Facebook has officially stated that it does not know of any malicious use derived from the bug.

This appears to be the first time Facebook has publicly admitted that users' shadow profiles contain more than native data (such as posts or information you deleted but are retained by Facebook) and also contain data that Facebook has harvested.

Meanwhile, anger continues to rise on the Facebook post, and as of this writing there are no representatives from Facebook in the comments to quell the storm.

UPDATE Sunday, June 23, 8:15 PM PST: In an email today from Facebook Policy Communications, ZDNet learned that concern about collection, storage and shadow profiling of contact data is the sole fault of users who failed to read (or remember) the Facebook policies they agreed to when they were getting started on Facebook. 

Facebook said that users should already know about the contact collection practices because they are told about it on this page. It states that their address book contacts will be saved to Facebook servers and stored, then used in cross-matching contact data to other users.

(However, I'd be remiss not to point out that this page does not tell users they are agreeing to have this type of data collection done about them, as well.)

Facebook did not directly answer my request for a statement in response to user anger regarding data being collected about them and attached to their accounts without their consent (the shadow profiles).

In answer to this question, Facebook again directs users to re-read the "Finding Friends" section of Help Center > Get Started on Facebook.

Facebook's emails did help to clarify some aspects of its users' shadow profiles - users' combined data.

Facebook's representative told me that the data is not obtained through an app or database tool. Data about you is obtained by the seemingly innocuous voluntary actions on Facebook of people you know.

In Facebook's explanation, it is obtaining data on individuals in a form of third party collection through voluntary user submission. It is reasonable to conclude that the data is only involuntarily collected and saved for the people the data is matched to - in this case, the six million accounts that were affected.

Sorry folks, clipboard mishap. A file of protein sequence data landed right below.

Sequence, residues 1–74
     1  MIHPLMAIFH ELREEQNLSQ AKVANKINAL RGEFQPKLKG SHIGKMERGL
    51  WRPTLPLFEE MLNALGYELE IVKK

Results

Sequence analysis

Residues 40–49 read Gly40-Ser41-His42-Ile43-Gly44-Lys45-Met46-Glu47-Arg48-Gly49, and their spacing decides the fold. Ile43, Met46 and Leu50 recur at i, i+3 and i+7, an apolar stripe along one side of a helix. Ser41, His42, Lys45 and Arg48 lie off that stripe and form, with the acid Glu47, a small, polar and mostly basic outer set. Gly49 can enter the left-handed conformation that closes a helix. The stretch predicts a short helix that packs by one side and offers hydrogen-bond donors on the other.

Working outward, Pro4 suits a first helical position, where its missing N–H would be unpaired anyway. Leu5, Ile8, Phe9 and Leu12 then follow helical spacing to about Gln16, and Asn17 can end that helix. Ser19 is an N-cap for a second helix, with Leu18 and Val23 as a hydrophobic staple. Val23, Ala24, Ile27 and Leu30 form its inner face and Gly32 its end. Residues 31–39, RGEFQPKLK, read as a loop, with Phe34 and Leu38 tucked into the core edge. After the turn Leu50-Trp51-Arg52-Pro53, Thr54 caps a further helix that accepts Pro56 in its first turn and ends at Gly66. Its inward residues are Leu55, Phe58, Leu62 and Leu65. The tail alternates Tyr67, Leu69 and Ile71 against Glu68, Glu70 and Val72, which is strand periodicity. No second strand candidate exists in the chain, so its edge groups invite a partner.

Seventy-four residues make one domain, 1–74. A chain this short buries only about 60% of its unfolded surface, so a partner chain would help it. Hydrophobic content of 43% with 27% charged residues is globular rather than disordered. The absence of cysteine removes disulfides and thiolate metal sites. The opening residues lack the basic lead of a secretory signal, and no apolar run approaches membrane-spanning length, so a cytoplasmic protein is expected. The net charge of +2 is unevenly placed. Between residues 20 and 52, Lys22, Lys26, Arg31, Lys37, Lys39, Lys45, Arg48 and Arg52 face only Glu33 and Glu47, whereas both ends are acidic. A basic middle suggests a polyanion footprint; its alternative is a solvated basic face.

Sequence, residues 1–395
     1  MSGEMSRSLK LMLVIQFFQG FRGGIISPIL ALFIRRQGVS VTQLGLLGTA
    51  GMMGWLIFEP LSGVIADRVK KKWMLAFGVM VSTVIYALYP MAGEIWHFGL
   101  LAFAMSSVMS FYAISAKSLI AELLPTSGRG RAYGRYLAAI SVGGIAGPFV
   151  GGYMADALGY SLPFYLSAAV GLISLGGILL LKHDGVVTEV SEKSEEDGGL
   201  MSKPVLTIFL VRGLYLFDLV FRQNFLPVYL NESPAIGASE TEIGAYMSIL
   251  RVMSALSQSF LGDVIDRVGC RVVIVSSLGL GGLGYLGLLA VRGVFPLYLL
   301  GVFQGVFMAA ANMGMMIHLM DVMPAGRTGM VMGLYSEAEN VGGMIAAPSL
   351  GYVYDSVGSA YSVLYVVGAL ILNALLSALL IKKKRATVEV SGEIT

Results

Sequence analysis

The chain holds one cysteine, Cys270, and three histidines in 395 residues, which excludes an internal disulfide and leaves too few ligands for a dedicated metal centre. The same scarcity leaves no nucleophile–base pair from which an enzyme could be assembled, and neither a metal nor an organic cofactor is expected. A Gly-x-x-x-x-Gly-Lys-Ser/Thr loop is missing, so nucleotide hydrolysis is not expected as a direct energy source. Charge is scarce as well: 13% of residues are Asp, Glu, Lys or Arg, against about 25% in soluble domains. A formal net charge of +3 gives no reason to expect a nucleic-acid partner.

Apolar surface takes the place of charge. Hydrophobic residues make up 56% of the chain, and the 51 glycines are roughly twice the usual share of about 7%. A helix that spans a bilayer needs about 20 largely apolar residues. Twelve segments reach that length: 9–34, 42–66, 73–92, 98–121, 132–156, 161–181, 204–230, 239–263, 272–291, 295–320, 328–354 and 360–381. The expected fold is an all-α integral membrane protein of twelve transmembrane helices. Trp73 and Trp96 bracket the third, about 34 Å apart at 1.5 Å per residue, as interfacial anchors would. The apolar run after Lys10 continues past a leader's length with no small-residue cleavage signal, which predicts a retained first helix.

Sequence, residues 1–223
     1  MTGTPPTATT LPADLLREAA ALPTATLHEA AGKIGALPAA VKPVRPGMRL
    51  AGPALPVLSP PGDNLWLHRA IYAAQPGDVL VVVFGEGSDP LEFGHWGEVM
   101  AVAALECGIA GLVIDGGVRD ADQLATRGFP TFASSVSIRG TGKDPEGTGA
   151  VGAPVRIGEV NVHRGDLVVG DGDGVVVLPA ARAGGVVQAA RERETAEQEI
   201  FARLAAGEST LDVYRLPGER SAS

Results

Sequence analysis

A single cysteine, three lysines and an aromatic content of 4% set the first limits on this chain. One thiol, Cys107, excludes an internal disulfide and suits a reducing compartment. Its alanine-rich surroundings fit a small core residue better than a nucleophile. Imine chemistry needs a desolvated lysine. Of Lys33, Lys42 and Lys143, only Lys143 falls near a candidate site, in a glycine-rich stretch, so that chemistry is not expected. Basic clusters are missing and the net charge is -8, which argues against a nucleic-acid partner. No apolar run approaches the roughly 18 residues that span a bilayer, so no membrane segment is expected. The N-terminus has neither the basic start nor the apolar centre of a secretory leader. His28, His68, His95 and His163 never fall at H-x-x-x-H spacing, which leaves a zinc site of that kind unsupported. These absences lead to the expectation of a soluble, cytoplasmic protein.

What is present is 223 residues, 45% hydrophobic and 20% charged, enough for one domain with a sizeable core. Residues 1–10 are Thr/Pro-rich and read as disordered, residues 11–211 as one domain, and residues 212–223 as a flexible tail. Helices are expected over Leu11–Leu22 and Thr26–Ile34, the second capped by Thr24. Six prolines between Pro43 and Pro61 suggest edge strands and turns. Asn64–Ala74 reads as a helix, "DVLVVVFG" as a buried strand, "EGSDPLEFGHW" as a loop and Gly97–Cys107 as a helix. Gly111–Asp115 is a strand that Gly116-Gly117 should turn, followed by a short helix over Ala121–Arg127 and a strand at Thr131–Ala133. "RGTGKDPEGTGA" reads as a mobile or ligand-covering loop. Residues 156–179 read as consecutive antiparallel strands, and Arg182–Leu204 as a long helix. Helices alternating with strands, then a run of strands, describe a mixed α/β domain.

Facebook said that it would take "precise and coincidental timing" for a malicious person to use the DIY tool with intent and obtain Facebook's combined (shadow profile) data on a targeted user. Yet we know the bug was live for a year, and combined with Facebook's admission in the blog post regarding false positives, it's a fair guess on our side to suspect that a non-trivial risk remained.

Facebook did not respond to my request for a statement regarding user demands to know who had seen their shadow profile contact information.

UPDATE Tuesday June 25 5:40 PM PST: added links to new ZDNet investigative article about security team findings on Facebook's shadow profiles.

Topics: Security, Data Management, Privacy

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92 comments
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  • Facebook Shadow Profile Data

    I have assumed for years that anything I post anywhere online is likely to be seen by anyone. Internet privacy is a myth. At least now my opinions about politics, foreign policy, domestic policy and the general decline of America's standard of living and reputation are known by the government. I'm retired and not running for political office so I don't worry. I'm seventy years old now, so I hope I will be gone before everything falls apart, but things are happening so rapidly that I don't know if I will get out in time.
    Anything posted on the internet stays there for ever and ever and ever!
    wwe432
    • It's not what you put online

      I think you may be missing the biggest implication of this. It's that if you, offline, in the real world, give me your phone number, which you have never put online at all, and I then use the tool Facebook provides to match my contacts with my "Facebook friends", that tool will, without my knowledge, take your phone number and attach it to your profile for any of your "Facebook friends" to download.

      Things are being added to the internet without us realising.
      justNickoli
      • This breach of privacy is truly scary!

        This breach of privacy is truly scary! Even Germany's Gestapo could find out this much information about people, and the Soviet's KGB would be proud of all of this.

        Liberal and Fascist governments believe only THEY should have secrets from citizens. Citizens should have no secrets.
        Noble Furr
        • Gestapo??

          Have you not read the news about your own government?
          And do you really think that if the next president is a Republican that he will within 24 hours of assuming office delete all records such as you discuss...or will he let the bureaucracy continue to what it has done for decades?
          I think the latter my friend.
          Bradish@...
        • Not to worry!

          Obama says not to listen to those voices that talk about tyranny.

          I'm certain he was channeling that other popular Democrat President, FDR- just before he sent Japanese Americans to Manzanar.
          donfulano
    • This is nothing compared to the shadow profile google has on you and

      actively sells to advertisers. googles invasion of your privacy is much more to be concerned about.
      Johnny Vegas
      • reply to Johnny Vegas

        Selling to advertisers doesn't bother me. Its the price of free services and I don't have to buy their stuff. If you don;t want people to sell data to advertisors then be ready to pay for email, docs, search, social media etc...

        What bothers me is who else get access to that data for data mining and profiling. That data mining operation can be used to creat very accurate profiles of individuals. Those profiles can now be used against you by any faction who doesn't like your "politics" not the just evil corporations and government.
        crazytrpr
        • It should bother you then